In many fields of science, new technology is leading to unprecedented data production. This, in turn, requires extensive analysis with minimal sub-sampling to detect as much detail as possible. In biological oceanography, imaging systems have become more useful with increasing computer speed and storage capabilities, and image data address some of the fundamental problems with traditional sampling methods that are destructive to fragile organisms (i.e., jellyfish and marine snow). On a given tow with our system, the In Situ Ichthyoplankton Imaging System (ISIIS), we produce approximately 400,000 images in 7 hours with many different species across a range of sizes present in each image (500 μm to 13 cm). This is an incredible amount of information that would take years for one person to fully analyze. When we are out at sea, we typically sample for WEEKS and come back to land with millions of images. Computer algorithms can perform basic tasks of extracting specimens that look similar, but human brains are extremely adept at interpreting an organism in 3D and providing context in the image data that a computer cannot. The amazing abilities of people to recognize patterns that computer algorithms may see as unimportant cannot be underestimated.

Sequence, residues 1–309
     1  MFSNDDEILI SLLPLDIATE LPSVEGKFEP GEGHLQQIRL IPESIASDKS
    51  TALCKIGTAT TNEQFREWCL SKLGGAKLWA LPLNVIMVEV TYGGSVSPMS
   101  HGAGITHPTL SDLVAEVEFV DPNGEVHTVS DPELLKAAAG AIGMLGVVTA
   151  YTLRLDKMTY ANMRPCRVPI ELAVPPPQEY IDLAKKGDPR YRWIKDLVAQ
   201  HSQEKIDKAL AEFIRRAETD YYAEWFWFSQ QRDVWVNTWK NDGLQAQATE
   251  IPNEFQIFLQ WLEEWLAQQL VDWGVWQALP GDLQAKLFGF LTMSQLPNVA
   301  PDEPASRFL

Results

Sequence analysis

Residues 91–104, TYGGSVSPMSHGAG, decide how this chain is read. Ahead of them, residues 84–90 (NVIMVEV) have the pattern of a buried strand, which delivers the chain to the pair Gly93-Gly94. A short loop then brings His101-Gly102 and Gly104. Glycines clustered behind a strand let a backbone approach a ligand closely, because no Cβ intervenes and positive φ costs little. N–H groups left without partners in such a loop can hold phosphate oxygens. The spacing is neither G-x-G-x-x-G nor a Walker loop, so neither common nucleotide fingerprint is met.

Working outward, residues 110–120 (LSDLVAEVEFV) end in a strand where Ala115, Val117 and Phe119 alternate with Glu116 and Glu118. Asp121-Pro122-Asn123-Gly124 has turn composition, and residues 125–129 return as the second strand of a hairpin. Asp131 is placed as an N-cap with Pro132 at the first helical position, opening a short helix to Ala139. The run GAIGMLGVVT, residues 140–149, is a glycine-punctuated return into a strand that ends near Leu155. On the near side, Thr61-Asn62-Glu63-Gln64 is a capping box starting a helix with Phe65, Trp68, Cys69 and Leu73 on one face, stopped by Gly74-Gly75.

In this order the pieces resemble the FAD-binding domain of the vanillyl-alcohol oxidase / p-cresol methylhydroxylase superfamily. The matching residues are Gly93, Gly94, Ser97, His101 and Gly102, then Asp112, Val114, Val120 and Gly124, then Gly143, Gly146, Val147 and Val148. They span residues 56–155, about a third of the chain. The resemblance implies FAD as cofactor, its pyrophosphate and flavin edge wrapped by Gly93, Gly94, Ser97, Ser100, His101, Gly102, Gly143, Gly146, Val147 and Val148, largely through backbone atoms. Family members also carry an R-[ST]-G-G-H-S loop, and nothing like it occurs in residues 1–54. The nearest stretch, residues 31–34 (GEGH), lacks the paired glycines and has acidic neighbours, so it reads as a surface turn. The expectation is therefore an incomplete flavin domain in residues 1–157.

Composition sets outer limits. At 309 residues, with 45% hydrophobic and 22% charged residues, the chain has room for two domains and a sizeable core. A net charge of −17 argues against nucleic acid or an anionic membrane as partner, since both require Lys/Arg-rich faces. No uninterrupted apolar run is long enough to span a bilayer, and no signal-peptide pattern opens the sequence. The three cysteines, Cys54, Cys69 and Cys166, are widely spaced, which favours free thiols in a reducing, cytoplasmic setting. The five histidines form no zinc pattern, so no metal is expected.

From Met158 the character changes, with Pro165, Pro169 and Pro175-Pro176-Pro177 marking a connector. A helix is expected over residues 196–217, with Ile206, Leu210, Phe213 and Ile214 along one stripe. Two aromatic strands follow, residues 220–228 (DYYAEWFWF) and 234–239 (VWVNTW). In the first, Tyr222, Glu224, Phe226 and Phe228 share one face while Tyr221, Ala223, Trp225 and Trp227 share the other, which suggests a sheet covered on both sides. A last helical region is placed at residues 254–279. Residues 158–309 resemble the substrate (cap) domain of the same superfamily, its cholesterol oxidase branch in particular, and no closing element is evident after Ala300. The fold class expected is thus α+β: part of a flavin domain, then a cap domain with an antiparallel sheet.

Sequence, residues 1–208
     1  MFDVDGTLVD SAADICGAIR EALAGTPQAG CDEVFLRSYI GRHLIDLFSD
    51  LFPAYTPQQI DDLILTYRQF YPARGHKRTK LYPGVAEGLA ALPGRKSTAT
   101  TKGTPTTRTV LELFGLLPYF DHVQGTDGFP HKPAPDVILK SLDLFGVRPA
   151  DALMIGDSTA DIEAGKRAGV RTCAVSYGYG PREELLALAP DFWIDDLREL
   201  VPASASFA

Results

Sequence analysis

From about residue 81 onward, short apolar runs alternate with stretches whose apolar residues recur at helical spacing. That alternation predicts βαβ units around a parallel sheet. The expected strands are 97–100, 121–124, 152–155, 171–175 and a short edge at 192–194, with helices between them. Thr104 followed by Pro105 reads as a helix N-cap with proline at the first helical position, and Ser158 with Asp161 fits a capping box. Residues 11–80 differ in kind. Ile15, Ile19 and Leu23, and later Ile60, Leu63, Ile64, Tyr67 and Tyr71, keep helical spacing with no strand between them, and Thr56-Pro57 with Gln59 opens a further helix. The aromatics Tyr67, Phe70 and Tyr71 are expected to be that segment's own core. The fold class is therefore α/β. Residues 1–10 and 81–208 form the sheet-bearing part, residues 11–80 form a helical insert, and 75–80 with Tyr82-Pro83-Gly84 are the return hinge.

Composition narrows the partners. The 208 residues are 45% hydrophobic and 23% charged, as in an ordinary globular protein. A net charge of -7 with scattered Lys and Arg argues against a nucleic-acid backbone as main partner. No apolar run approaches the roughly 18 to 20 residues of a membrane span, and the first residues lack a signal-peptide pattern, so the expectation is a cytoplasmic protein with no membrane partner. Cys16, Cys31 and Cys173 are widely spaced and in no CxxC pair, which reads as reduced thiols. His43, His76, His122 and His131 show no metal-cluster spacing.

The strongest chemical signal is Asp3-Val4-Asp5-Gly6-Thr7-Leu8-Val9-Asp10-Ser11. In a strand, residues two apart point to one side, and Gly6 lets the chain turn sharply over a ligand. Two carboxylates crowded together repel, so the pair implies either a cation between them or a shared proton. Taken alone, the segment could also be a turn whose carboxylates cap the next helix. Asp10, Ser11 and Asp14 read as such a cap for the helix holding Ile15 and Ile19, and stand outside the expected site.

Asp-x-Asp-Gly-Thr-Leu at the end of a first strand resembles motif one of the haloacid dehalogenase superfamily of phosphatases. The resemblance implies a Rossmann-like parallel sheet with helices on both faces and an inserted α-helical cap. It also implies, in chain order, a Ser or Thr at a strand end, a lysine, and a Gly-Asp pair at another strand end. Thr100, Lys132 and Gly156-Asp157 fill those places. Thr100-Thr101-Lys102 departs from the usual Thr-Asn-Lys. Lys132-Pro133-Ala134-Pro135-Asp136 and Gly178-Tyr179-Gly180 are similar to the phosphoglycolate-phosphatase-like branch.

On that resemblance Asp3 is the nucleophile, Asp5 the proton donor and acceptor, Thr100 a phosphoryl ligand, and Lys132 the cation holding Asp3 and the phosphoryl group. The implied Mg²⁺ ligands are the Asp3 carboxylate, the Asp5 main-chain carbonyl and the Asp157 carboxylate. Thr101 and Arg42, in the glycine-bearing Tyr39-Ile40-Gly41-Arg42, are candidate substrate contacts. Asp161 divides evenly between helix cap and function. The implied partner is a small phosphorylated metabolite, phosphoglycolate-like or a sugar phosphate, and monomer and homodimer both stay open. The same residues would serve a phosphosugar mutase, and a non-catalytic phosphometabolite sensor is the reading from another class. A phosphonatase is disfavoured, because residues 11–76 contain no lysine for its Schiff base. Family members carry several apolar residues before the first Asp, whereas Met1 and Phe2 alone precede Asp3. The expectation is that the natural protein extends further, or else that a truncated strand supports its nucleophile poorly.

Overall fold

Another reason we are using Citizen Science is so that you, the citizen scientist, can participate in the process of discovery. After all, most oceanographic research is funded at least in part by taxpayer money, and these novel plankton images combined with Citizen Science are a great way to engage those who fund the research. We think it is far more effective to cultivate interest in science through the discovery process itself, rather than the production of jargon-filled reports and papers only understood by other oceanographers (don’t worry, those will come later). In addition, this online format provides an opportunity for us to educate people about life in the oceans, potentially inspiring the next generation of ocean scientists. With Citizen Science, there is the potential for new discoveries arising from simply allowing many people to look at the images.